The fifth-generation Honda CR-V was unveiled towards the end of 2016 and got a facelift about three years later. Fast forward to March 2021, our spies have put their extra-long telephoto lens to good use by catching on camera from afar a prototype of the new crossover while undergoing handling tests at a facility somewhere in Europe.

With this being only our first look at the sixth-gen CR-V, it's no wonder the prototype is covered in camouflage from front to rear. That said, we can't help but notice the crossover seems to have grown in size while the front and rear overhangs continue to be quite large. The overall design appears to be more angular and the bonnet seems longer and flatter than before.

Gallery: 2023 Honda CR-V first spy photos

The front end reveals a slightly bigger grille with a new pattern and is flanked by sharper LED headlights that seem to give the impression of a split design. That said, the front lights likely have a one-piece layout as we’re tempted to believe the divided setup is only because of the disguise applied across that wide strip.

Eagle-eyed readers will notice the side mirrors now sit lower on the doors rather than at the base of the A-pillars, presumably to reduce wind noise and/or better aerodynamics. A prominent character line above the door handles extends almost the entire side profile of the CR-V, from the headlights to the taillights. Those exposed side orange markers indicate Honda was testing a US-spec version.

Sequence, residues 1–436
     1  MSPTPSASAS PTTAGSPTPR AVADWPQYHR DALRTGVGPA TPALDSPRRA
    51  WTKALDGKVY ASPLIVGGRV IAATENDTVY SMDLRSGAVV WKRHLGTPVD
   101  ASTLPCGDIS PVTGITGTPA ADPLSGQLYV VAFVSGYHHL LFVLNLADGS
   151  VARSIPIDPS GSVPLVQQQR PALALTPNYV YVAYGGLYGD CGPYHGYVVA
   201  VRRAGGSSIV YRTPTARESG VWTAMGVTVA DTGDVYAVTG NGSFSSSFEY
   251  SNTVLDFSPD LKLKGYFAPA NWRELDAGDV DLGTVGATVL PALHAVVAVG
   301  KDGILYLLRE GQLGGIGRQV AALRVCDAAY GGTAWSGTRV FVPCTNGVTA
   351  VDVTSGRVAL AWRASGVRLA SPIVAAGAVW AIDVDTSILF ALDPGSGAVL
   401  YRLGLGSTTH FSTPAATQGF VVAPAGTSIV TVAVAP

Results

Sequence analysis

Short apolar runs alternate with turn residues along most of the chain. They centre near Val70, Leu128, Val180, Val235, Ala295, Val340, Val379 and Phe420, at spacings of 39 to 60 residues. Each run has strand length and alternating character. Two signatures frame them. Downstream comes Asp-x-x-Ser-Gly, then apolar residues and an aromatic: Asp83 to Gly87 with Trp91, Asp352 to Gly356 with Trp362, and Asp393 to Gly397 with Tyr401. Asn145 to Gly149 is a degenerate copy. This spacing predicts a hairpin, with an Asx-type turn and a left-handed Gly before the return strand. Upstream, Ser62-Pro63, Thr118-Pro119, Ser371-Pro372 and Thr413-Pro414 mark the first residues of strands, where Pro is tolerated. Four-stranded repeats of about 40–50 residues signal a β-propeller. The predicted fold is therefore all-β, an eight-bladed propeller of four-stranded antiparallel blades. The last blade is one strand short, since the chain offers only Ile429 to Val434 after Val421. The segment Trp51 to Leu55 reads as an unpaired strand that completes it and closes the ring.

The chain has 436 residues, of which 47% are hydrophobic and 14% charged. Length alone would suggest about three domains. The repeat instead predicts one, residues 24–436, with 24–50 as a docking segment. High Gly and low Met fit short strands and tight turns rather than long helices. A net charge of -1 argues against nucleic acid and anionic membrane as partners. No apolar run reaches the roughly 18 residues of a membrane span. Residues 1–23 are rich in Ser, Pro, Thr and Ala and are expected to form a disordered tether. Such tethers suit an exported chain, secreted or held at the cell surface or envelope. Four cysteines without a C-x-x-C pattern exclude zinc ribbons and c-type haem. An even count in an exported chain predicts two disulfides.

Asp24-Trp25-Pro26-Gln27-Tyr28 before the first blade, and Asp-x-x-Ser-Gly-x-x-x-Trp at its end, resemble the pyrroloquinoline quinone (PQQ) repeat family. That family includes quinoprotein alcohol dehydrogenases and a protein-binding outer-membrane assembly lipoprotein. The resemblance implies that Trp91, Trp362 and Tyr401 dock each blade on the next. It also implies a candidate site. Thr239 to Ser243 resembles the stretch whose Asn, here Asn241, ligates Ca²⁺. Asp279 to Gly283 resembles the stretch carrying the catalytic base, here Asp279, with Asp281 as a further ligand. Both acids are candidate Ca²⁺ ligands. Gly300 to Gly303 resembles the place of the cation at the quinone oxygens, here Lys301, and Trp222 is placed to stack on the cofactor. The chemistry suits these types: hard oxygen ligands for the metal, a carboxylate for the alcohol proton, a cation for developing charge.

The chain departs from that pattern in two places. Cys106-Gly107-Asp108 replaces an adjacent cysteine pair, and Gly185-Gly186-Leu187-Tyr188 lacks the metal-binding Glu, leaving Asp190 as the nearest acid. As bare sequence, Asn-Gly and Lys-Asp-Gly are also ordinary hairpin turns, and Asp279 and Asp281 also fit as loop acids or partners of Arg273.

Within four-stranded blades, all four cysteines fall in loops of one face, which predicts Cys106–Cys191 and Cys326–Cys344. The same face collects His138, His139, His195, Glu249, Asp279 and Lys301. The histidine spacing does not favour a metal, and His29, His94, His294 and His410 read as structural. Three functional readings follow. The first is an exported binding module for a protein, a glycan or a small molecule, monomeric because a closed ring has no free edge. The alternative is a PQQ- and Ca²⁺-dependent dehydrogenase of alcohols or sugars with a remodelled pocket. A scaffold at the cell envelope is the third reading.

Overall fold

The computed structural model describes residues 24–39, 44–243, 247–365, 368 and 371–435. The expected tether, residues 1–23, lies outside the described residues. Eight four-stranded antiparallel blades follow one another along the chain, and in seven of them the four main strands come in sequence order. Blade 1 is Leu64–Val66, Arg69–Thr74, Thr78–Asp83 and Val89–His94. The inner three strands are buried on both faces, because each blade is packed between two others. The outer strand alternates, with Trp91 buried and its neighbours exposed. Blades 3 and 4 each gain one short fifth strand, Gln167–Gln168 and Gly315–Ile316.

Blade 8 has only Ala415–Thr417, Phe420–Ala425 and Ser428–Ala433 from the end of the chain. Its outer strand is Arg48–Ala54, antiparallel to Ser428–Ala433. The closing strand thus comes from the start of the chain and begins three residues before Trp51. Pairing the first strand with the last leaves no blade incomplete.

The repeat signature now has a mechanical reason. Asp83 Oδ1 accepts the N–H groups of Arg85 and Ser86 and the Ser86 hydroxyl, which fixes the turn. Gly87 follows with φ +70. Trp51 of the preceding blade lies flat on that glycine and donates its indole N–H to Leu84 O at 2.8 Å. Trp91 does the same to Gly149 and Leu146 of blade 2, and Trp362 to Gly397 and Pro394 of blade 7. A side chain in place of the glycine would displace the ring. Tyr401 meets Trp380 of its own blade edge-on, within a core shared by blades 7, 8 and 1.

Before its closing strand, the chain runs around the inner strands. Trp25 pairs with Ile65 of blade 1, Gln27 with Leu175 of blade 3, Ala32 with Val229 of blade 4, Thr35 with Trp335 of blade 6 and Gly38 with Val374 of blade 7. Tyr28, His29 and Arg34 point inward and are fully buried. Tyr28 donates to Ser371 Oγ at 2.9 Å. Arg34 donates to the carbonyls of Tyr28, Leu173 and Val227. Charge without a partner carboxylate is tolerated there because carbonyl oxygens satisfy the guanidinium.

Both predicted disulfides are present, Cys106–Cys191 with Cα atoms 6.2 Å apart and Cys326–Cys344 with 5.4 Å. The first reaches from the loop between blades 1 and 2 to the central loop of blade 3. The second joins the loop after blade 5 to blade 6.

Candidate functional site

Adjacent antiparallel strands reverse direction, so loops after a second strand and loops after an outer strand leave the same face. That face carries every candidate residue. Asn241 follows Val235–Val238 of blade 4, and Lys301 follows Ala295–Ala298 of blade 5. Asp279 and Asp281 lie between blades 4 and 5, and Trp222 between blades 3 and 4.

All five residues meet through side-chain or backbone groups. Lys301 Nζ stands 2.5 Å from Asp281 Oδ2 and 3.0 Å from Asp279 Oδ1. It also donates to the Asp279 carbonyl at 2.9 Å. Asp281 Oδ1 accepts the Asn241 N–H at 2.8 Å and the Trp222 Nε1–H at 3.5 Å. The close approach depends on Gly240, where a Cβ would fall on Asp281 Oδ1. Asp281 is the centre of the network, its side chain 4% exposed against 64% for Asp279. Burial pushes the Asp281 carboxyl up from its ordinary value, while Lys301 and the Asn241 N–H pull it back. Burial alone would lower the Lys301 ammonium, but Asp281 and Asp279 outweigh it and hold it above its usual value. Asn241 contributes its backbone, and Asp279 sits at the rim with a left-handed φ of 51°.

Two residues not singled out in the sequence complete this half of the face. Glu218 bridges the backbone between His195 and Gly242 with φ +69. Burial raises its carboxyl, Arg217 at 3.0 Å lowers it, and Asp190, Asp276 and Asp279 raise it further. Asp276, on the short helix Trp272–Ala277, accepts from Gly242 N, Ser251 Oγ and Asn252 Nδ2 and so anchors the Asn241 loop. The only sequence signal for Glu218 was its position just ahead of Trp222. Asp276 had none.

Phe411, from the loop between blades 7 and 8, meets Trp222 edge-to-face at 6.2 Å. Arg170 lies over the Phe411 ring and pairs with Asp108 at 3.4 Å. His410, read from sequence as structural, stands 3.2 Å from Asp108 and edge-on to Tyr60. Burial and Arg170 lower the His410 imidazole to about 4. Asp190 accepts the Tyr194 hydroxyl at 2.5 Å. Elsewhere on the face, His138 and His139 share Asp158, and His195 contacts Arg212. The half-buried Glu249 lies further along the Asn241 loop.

2023 Honda CR-V spy photo profile
2023 Honda CR-V prototype
2020 Honda CR-V Hybrid Touring profile
2020 Honda CR-V Hybrid

The side angle not only illustrates the bump in size – emphasised by the bigger quarter glass – but it also allows us to take a peek inside the cabin where the dashboard has a tablet-styled infotainment on top of the centre console. The touchscreen sits upright as opposed to the current CR-V where the infotainment is slightly angled and rests on the centre console.

Either the disguise is playing tricks on us, but the prototype lacks the vertical lights of the current CR-V. However, we'd be willing to bet those are still there considering all generations of the popular compact crossover have this taillight layout in common, starting with the original 1996 model.

Depending on the market, the current Honda CR-V is already offered with hybrid and plug-in hybrid powertrains, so look for the next-generation model to embrace electrification furthermore. It's too early to say whether Honda has plans for a version without the combustion engine, but even if that's the case, it won’t be available from day one.

Since this is our first batch of spy shots, it likely means an official reveal of the new CR-V won't take place anytime soon. It could debut in 2022.